BHP CEO Mike Henry has said in an interview with the Financial Times that the diversified miner is not averse to entering new jurisdictions in its hunt for resources deposits.

Henry told the FT Mining Summit that he was confident that the company could manage the risks of investing and operating in politically volatile developing countries that are often hotbeds of bribery and corruption.

Future facing commodities

The willingness to operate in these “tougher jurisdictions” is linked to Henry’s aim to have at least half of BHP’s revenues come from the “future-facing commodities” of copper, potash, and nickel by the end of the decade.

Many of these commodities are most prevalent in areas of politically unstable countries such as the Democratic Republic of the Congo, which sits on some of the richest copper and cobalt deposits in the world.

This would be a significant change in strategy for the miner, which has previously focused on developed countries such as Australia, Canada, Chile, and the US. Henry’s comments suggest a realisation that to gain access to the best copper and nickel deposits, BHP may need to operate in riskier countries.

Demand for these future-facing commodities is expected to surge over the next decade because of their use within clean energy technologies such as wind turbines and electric cars. Copper prices, for instance, have risen 15% this year and hit a 10-year high, above $10,000 a tonne, in April.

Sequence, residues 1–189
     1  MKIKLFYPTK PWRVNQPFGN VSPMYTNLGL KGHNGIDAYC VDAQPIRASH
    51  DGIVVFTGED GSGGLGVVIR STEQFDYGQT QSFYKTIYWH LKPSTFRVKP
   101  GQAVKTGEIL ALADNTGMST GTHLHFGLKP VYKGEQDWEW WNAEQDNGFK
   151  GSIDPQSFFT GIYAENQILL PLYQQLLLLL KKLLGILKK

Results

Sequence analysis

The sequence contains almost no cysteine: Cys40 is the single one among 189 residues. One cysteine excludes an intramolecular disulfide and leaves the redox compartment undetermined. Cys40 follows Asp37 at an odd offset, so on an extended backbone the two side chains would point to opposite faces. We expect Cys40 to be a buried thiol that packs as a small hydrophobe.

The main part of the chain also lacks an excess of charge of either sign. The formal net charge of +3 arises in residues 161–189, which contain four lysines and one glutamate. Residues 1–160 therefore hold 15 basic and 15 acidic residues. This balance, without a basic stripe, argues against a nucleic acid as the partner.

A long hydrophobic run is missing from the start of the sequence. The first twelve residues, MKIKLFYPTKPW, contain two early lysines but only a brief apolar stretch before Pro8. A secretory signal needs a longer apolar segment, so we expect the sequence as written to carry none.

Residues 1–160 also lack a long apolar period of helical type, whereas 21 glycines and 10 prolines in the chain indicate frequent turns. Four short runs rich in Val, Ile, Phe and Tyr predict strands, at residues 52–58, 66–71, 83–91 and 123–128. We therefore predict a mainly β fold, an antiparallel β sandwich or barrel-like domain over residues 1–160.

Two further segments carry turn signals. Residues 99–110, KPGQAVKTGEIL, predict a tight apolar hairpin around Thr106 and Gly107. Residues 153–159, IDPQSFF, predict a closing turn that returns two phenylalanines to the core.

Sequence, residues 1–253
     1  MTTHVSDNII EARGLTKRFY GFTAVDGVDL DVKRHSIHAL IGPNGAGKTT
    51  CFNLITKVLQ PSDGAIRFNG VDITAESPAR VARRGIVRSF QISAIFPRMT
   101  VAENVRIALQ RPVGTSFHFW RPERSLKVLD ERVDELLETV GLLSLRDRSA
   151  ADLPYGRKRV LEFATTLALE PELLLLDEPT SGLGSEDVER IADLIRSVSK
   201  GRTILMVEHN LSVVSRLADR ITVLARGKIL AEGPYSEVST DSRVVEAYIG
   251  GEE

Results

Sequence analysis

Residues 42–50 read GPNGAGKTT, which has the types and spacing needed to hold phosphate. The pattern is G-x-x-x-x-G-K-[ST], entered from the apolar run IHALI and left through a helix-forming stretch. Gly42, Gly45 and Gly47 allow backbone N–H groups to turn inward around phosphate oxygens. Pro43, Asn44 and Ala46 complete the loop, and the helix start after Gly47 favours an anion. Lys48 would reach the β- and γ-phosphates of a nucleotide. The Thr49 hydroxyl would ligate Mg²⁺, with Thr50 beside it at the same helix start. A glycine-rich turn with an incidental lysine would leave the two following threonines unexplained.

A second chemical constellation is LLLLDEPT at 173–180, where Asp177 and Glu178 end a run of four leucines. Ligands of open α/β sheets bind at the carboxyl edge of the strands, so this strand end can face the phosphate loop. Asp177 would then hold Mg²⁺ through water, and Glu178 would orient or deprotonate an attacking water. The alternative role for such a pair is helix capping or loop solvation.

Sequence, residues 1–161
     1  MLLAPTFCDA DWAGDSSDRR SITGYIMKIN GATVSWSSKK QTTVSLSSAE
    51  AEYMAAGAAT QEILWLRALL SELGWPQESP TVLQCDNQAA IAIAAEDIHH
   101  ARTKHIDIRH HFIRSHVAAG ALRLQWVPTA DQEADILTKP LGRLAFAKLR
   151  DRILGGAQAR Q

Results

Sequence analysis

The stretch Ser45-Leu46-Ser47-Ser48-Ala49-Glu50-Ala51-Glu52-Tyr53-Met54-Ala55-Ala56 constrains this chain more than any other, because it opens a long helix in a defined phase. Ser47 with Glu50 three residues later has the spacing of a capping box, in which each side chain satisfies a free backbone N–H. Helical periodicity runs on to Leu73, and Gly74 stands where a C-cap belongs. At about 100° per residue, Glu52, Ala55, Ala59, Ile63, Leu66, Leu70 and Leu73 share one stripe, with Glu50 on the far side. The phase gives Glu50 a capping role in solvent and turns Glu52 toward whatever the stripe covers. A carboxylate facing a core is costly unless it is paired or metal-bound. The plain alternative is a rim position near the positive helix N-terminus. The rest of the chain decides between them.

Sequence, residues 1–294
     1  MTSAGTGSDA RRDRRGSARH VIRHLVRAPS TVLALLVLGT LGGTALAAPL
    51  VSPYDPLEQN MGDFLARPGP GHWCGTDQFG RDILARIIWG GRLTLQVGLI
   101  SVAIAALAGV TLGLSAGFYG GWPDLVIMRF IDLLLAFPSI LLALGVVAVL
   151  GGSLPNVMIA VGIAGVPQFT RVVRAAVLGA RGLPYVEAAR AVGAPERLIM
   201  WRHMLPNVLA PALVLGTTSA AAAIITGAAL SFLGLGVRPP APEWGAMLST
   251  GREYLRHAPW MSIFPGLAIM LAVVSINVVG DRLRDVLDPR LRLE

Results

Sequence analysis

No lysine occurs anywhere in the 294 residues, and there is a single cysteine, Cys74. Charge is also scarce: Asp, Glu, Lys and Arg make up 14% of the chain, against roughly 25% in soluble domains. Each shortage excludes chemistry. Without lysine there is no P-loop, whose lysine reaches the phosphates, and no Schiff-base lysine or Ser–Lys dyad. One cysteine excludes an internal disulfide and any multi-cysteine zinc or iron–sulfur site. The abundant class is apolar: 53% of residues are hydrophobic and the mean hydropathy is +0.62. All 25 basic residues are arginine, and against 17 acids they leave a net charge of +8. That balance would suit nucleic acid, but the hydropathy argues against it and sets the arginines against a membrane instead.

While BHP is prepared to look at tougher jurisdictions, Henry told the FT summit that he also believed copper and other “future-facing” commodities could be found in “areas we like”, although at a higher cost.

Risk of tougher jurisdictionss

Operating in these “tougher jurisdictions” holds real and present risks. Where the political and economic stability of the host country is questionable, abrupt changes in the business environment can adversely affect profits or the value of the company’s assets.

Additionally, there is an increased risk of resource nationalism especially if power changes hands abruptly. Recent examples include changes to the mining and tax codes of the Democratic Republic of the Congo and Tanzania and the changes proposed to Mexico and Peru’s mining laws.

BHP must be acutely aware of these risks and not fall into the same trap of Glencore, after their deals in the Congo came under investigation in at least three western jurisdictions for potential financial misconduct.